It is not Henny Youngman, but Stoll Berne managing partner Scott Shorr.
With the tagline -- Take your conflicts. Not your clients. -- the Portland, Oregon law firm of Stoll Berne got some nice play in the Portland Business Journal for its advertising campaign focused on getting lawyers to send them conflict work. When Journal reporter Andy Giegerich called me to get my take on the uniqueness of the campaign, it highlighted once again some greater lengths law firms are going to these days to find additional revenue streams.
Advertising in legal publications for conflict work is certainly not new. I've worked with law firms on such ads in the past--albeit with minimal success. As an attorney with a small niche practice, I end up with referral situations practically every week. It would never occur to me to send the work to anyone that I did not personally know. But, again, not every lawyer has a go-to person for every practice and jurisdiction. But I also know that the nature of conflicts in my business development business takes on much the same take as a legal matter. Because I won't work with competing firms in a market (sometimes geographic, sometimes practice-driven), I often need to send work elsewhere. I'm looking at the same issues--will this person or company steal my client, and/or am I putting them in a better position to compete against me. And, oh yeah, I almost forgot--they need to be good lawyers who will represent the client well. It comes down to relationships, one hand washing the other, and trust. And the old adage, "burn me once," certainly fits in the world of conflict work.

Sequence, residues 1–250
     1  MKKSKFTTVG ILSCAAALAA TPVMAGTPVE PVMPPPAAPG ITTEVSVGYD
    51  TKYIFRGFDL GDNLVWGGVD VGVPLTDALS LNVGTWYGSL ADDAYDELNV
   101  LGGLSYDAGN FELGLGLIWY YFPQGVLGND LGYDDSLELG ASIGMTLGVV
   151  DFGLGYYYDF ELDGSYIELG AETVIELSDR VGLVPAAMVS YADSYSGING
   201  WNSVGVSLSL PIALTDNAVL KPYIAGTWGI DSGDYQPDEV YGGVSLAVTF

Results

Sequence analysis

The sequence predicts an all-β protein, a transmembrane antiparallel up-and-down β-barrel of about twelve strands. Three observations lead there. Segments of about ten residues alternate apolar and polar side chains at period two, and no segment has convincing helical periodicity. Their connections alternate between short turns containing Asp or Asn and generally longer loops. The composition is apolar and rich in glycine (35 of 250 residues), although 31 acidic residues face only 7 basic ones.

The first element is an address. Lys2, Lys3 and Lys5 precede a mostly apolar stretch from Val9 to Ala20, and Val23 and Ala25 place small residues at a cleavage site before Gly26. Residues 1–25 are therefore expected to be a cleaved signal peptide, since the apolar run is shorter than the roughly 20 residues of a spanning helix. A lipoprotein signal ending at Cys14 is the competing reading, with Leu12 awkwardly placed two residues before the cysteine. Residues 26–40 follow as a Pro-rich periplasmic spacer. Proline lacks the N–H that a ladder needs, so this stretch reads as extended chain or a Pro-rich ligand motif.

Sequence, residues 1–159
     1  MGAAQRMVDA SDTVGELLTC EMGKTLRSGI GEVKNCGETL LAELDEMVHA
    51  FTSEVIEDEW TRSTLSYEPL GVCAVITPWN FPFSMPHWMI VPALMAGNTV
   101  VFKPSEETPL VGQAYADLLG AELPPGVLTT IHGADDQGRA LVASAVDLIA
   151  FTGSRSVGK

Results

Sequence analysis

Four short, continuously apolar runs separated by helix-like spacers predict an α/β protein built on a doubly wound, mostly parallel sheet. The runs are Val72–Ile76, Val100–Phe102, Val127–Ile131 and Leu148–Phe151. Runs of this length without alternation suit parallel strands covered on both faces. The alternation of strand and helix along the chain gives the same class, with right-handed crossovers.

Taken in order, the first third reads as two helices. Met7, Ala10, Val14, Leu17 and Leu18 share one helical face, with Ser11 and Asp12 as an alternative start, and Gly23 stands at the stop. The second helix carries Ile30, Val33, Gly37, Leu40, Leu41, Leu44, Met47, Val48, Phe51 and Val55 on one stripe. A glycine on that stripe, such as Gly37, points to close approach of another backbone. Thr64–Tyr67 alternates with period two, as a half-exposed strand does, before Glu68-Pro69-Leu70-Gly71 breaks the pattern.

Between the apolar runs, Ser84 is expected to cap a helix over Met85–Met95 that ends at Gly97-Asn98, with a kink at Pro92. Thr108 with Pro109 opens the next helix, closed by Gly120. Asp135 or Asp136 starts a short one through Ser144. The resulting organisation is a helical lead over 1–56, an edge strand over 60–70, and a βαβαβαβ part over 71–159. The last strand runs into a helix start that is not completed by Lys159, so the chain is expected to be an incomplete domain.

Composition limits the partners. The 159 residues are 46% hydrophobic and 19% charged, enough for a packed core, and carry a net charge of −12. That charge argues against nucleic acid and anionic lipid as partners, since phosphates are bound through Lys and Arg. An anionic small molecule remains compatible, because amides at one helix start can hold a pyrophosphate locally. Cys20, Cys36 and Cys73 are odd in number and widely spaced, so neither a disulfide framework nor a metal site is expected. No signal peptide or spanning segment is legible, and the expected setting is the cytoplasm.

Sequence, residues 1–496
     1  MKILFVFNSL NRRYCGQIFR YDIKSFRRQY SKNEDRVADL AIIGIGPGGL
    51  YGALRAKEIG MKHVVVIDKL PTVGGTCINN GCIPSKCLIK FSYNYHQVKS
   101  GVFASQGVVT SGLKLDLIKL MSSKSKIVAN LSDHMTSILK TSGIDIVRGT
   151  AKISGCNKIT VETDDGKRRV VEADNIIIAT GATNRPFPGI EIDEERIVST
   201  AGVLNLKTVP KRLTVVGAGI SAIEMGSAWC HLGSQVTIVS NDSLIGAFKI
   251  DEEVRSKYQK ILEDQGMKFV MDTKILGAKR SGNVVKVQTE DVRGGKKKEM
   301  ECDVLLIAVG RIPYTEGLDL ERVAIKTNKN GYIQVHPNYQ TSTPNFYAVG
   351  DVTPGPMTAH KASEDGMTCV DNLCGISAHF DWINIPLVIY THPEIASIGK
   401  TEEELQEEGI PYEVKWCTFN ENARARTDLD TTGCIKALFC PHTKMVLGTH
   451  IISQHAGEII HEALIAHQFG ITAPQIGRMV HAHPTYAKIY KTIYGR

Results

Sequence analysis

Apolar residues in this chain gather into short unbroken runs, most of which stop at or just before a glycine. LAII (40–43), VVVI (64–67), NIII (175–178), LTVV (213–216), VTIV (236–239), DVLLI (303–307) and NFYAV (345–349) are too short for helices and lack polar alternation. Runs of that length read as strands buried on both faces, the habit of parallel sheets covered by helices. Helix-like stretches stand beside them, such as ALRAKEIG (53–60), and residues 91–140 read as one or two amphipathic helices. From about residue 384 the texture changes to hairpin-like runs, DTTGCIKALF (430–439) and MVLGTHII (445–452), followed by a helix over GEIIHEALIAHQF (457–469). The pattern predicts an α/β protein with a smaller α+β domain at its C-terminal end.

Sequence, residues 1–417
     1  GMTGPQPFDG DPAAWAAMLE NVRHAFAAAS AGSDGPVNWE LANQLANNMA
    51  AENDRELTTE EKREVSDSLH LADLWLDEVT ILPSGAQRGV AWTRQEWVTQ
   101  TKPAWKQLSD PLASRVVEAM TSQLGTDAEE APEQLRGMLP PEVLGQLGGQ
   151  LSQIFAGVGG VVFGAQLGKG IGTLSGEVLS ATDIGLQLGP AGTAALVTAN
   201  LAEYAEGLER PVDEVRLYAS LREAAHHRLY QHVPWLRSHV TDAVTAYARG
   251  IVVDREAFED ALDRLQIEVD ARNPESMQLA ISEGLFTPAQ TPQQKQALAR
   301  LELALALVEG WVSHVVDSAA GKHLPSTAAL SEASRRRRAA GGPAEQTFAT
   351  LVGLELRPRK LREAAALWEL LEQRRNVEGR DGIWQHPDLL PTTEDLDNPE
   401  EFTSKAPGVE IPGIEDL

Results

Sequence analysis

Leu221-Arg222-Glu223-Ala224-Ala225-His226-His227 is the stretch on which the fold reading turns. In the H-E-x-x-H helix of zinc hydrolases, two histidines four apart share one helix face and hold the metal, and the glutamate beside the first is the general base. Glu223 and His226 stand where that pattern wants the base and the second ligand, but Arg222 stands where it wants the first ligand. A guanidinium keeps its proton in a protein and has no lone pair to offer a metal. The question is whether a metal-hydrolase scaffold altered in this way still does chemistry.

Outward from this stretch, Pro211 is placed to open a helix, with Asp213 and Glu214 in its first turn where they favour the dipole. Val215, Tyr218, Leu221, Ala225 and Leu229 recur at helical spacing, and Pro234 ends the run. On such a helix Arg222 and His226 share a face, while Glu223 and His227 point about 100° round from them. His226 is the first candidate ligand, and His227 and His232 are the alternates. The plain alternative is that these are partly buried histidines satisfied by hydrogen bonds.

I'm not sure that ads in two Oregon law publications will really produce any direct benefits. It might prove to be beneficial awareness branding for colleagues that already have a relationship with Stoll Berne. In many similar style ads, the target would be non-Oregon law firms needing in-state counsel. However, I do not see this campaign as a negative, and it already produced some ancillary publicity in town--simply by virtue of the Journal doing a piece about it. To be honest, going with the "conflicts" theme in some image ads is probably a more effective measure than the typical ineffective tagline banter. What I wonder in branding is how many people might confuse one Stoel with another, in the same marketplace. Perhaps another subliminal marketing message.